These current virus models are trying to take into account vast amounts of variables and are dealing with biological, social, political and many other factors on a global scale. The first models which came out and scared people to deathly panic and stampeded governments into the draconian measures they’ve taken sounded like the trumpet of the four horsemen of the apocalypse had sounded.
Please note this is not a comment on the seriousness of the disease.
I was listening to Governor Cuomo’s live news conference this morning and he said,
“The number [of deaths] is down because we brought that number down. God did not do that. Fate did not do that. Destiny did not do that.”
So foolish. I would not want to be a resident of New York at this time. It reminded me of @jtbayly’s comment:
It is now apparent that our initial information was incomplete. The pandemic is not what we all thought it was going to be. This is understandable. It was new. We all thought it was a dire threat and we all responded to protect the lives of our citizens, and our congregants, as we should have.
This is all true.
It is now clear that the stated rationale for these temporary, emergency actions, “to flatten the curve”, has been achieved,
This is true in most places in the US.
and that these temporary measures are no longer necessary.
This might be true in some places, but is certainly not a given. Certainly some of the measures are unnecessary at this point in time in some of the places.
If we continue on the current course of action of extreme mitigation, things may get much worse, as we fear they most certainly will.
While Covid-19 is among us and members of our churches have been harmed by the disease, the much larger damage to our members has been done by cutting off the means of supporting the lives of their families. In our churches, we have few Coronavirus cases, hospitalizations or deaths.
This is precisely because the social distancing worked to prevent the disease from doing what it would have otherwise. I know I’m in the minority, but I don’t think it’s nearly as straightforward as this letter implies and most here seem to believe: that we just need to let things return to normal.
Normal means letting the disease run its course until we have herd immunity and it’s not a problem anymore. About 70% of the population must get it before that happens. The big question is what percent of people who get it will die. The original estimate was 0.9% Infection Fatality Rate (IFR).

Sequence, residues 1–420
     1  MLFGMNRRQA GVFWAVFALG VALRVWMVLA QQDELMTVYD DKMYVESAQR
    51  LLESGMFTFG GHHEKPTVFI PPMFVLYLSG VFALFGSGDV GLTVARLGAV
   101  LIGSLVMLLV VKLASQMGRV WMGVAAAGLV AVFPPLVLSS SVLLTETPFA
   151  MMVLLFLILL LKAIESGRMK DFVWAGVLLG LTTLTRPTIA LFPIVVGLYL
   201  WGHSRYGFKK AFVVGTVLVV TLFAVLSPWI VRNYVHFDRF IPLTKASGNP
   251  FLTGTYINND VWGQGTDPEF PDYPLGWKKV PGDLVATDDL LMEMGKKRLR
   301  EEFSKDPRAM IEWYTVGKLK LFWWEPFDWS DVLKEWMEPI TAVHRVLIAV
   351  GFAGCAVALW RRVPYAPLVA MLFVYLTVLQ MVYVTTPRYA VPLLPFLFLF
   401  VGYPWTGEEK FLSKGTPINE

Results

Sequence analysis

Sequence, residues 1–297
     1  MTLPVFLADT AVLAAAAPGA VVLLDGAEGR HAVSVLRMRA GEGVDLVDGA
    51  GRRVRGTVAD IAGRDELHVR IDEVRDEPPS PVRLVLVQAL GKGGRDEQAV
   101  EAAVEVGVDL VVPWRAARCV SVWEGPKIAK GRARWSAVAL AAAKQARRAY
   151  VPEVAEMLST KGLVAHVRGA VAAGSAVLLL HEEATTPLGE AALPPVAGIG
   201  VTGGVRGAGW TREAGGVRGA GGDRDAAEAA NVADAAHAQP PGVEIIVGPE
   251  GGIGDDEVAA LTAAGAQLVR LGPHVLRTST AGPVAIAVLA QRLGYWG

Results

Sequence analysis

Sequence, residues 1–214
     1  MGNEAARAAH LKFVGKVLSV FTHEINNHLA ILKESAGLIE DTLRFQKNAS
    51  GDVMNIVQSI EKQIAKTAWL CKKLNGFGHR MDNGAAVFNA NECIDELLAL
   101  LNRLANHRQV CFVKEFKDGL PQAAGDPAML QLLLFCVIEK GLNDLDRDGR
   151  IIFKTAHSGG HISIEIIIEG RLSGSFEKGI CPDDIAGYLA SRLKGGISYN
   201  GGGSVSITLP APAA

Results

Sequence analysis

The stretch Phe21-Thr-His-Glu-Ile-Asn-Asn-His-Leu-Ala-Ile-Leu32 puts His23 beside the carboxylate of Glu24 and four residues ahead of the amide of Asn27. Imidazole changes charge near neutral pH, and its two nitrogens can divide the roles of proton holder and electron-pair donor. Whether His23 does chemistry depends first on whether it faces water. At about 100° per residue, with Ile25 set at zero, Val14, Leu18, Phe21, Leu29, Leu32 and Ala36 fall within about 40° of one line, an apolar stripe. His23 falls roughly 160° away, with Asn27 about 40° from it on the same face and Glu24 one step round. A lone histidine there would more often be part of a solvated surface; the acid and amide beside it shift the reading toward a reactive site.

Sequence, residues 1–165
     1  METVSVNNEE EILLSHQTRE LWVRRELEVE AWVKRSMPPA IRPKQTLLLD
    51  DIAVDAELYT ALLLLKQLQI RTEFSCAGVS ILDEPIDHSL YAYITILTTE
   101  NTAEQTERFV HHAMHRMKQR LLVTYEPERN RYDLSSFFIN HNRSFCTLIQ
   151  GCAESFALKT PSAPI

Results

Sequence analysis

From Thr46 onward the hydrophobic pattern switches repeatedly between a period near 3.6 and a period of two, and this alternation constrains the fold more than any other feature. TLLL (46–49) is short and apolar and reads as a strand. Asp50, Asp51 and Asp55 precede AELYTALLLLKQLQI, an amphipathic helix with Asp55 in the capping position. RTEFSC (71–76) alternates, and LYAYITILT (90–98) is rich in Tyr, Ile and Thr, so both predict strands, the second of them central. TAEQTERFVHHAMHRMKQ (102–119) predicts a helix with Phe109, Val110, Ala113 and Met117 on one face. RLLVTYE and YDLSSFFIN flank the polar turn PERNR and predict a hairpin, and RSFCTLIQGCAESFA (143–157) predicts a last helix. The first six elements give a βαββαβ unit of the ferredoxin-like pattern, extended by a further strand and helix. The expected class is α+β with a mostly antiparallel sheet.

330,000,000 * 70% * 0.9% = 2,079,000 dead in the US.
Thankfully, it seems the 0.9% IFR estimate was too high. The latest two estimates I’ve seen are 0.66% and 0.37%. That’s wide range, but let’s look at the lowest current estimate: 0.37%. What would that mean in terms of deaths?
330,000,000 * 70% * 0.37% = 854,700 dead in the US.
It’s true that the majority of those deaths would be people over the age of 60. It’s also true that even with the lockdown we’ve been unable to keep it completely out of our nursing and assisted living homes. However, the lockdown has kept the deaths extremely low compared to what they would be otherwise, even in nursing homes. I don’t believe that returning to normal right now we are ready to protect the elderly in nursing homes, much less the millions of people above 60 that don’t live in assisted living or nursing homes.
But let’s give this a bit more perspective. New York has only suffered 11,500 deaths so far. They would be looking at about 39,000 more deaths before they hit 0.37% IFR. In other words, they are less than a quarter of the way there. In New York. Where they are burying people in mass graves by the hundreds. Most other places in our country have hardly even gotten started.
Another way to look at it is simply to ask yourself what would it look like if the percent of people who have already died in NY state died in the rest of the country. We would be at 196,000 deaths total instead of 27,641. Or go even more local. Take Cincinnati, where I live. The greater metropolitan area has 2.1 million people. So far there have been only 59 deaths in the metro area attributed to Covid-19. On its face, shutting down the city when there have been so few deaths seems absurd, yes. But if we had people dying at the rate the NY state does, we’d have already seen 1,273 deaths, with more happening every day. The hospitals, morgues, and funeral homes are just as unable to handle that here as they are in NY.
I think this is something to be thankful for. I think that we are much better off having taken this course of action.
Do I have proof that it is the shutdown that has prevented all of those deaths? No, but I have a lot more evidence than those who assume that opening the economy back up would not lead to those results.
Yes, we probably know enough now and have done enough work preparing (producing more personal protective gear, for example) that we can start to make changes, and some of the rules in some of the states have been just plain dumb. Some of the rules (as always) have been abused, and a few of the rules have undoubtedly been wicked (such as allowing abortions to continue).
But a simple appeal to “open” the economy is foolhardy in my judgment. What I’d like to see is any evidence that the IFR is actually much lower than the current estimates. Failing that, we could decide that those numbers of deaths are acceptable and necessary to prevent worse problems. However, even then I’d like evidence that we know how (without a lockdown) to slow it down so that what is happening in NY doesn’t happen in the rest of the country. It’s bad enough having one state going through it that quickly. It would truly be terrifying if it was happening in 20 or 30 states at once.
I’m hoping that the powers that be can rollout large-scale antibody testing. Not only will it help determine what the true IFR is but it will allow us to know who has already been exposed and could therefore who could more safely be allowed to return to work.